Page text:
On more than one occasion, I've considered touching base with some of my former bosses to thank them for their patience with my consistent ability to just barely know how to get to work on time (or, be slightly late) on a regular basis. Now that I'm a mom, the idea of getting myself — only myself — out of bed, dressed, and to work by 9:00 a.m. sounds downright luxurious. But for some reason, it was practically impossible for me a couple years ago, which, if you think about it, is kind of a big deal since one of the most important parts about going to an office is, you know, actually being there when you're supposed to be. Hindsight is 20/20, I suppose. Anyway, my point is that becoming a mom has required me to pretty much attack my mornings. It's one of many in a whole new set of skills that I barely imagined someday possessing in my pre-kid days. And that's really the big, ultimate joke of parenthood: You never realize how relatively simple and effortless your life before kids was until you are no longer living it.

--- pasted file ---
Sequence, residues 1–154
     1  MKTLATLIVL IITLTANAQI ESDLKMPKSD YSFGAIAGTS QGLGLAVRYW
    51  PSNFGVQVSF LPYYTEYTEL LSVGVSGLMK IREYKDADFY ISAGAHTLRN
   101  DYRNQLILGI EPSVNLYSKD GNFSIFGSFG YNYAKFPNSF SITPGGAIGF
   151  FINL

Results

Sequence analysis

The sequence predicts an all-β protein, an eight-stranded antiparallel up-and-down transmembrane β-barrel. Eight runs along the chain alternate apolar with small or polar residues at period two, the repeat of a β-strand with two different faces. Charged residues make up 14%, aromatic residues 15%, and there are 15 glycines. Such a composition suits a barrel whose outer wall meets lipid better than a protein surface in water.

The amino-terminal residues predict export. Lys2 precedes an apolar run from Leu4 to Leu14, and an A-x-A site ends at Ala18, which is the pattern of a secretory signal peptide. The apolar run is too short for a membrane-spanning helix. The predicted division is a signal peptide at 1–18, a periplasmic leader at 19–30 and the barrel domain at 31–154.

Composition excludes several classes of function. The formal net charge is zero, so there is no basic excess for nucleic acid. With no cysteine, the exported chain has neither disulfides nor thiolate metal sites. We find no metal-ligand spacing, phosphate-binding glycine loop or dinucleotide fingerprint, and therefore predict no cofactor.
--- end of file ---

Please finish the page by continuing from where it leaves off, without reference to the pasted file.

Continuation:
Now that I'm a working mom, I have a whole bag of tricks that childless me would've killed to know.
Before we dive in and acknowledge/celebrate/bemoan the skills that working moms have the opportunity ("opportunity" hahaha — OK, more like "no choice but") to master, I want to make sure to acknowledge that these skills, while greatly honed by the experience of being a working mom, are not exclusively possessed by working mom. Stay-at-home moms have just as many, if not more, awesome abilities developed by their own routines. I mean, I tried being a full-time, stay-at-home mom, so I saw firsthand that it is really damn hard to keep the boat afloat (or the train chugging, or the pages turning, or whatever your kiddo is asking for in that particular moment). So, I'm not trying to say that working moms are the only ones who develop a specific set of skills; far from it, in fact. Just that we develop a slightly different set of skills. Without further ado, here's what I'm talking about: